Amid growing concerns over the effect of burning fossil fuels on climate change, research shows that there is still enough oil to keep things running for quite some time.
As more people around the world begin to feel the effects of climate change, many are asking themselves how we will power the world moving forward. Studies show that the Antarctic ice sheet is extremely sensitive to temperature increases, and that burning all of the fossil fuels in the world would ensure a certain death for the ice surrounding the South Pole.
But just how much coal, oil and gas do we need to burn in order to change the climate in such a significant way? One study estimates that among the available fossil fuel reserves on Earth, there are over 10,000 gigatons of carbon that could potentially be released into the atmosphere. At the rate we currently burn fossil fuels, it would take roughly 500 years to burn through this reserve.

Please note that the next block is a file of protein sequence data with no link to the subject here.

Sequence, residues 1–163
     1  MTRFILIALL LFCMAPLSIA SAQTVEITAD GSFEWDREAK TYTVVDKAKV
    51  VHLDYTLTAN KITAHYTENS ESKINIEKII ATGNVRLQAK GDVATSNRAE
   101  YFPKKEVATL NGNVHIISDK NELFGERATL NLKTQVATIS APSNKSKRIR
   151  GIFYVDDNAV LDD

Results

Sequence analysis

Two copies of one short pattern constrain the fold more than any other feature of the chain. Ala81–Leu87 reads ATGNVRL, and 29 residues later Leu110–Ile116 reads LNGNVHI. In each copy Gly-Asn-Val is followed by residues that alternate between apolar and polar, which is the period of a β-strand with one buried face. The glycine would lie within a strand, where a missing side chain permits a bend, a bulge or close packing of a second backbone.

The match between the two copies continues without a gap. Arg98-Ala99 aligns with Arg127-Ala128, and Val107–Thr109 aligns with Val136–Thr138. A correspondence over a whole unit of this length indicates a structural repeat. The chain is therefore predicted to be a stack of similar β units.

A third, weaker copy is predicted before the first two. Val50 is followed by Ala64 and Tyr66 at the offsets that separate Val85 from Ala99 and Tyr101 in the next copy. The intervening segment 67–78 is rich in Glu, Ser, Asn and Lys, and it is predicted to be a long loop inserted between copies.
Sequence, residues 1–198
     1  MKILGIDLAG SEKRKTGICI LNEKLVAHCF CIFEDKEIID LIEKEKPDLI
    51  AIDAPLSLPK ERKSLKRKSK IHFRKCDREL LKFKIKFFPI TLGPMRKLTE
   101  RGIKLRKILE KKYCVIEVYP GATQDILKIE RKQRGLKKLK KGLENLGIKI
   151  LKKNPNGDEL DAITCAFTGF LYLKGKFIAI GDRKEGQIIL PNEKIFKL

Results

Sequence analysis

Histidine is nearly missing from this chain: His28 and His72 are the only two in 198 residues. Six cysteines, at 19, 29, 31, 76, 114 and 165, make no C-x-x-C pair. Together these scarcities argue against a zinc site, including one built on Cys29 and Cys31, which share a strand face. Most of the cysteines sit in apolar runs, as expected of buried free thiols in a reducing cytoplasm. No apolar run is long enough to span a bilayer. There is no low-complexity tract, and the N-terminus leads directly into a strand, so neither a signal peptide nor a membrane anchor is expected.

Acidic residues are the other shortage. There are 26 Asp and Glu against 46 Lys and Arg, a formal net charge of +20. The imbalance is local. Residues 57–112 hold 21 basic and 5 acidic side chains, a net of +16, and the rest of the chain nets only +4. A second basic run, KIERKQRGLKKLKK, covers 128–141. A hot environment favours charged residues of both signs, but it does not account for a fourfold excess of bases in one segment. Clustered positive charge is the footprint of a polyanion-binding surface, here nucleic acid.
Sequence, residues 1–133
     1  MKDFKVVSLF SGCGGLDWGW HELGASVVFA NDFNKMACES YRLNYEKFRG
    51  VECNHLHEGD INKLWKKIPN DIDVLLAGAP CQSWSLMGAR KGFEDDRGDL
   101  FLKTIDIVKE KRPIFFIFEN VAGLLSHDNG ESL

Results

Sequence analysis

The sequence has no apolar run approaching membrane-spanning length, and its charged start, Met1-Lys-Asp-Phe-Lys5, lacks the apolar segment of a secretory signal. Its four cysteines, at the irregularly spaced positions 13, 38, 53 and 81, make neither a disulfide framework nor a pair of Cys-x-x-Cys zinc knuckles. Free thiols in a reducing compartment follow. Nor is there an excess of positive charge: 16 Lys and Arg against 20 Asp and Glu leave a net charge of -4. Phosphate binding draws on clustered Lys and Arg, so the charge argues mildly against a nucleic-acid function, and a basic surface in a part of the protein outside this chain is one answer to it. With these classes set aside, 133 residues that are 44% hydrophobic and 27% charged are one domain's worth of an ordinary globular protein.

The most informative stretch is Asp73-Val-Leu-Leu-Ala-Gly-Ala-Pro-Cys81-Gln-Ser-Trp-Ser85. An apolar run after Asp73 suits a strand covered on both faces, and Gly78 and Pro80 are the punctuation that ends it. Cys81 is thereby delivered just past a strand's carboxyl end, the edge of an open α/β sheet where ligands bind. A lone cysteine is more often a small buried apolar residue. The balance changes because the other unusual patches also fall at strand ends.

According to the U.S. Energy Information Administration, the world held an estimated 1,655.5 billion barrels of oil in reserves across the globe in 2014. This is actually up from a level of just 1,475.6 billion in 2011. There is currently more oil on the planet than is economically viable to extract in many places.
While we probably won’t see the end of oil anytime soon, climate scientists illustrate a valid point. Without making any changes to the way the world consumes energy, it would only take 500 years to eliminate one of the largest ice sheets on the planet. Climate change is a serious threat to life on Earth, and only by making changes now can we keep things from getting out of hand.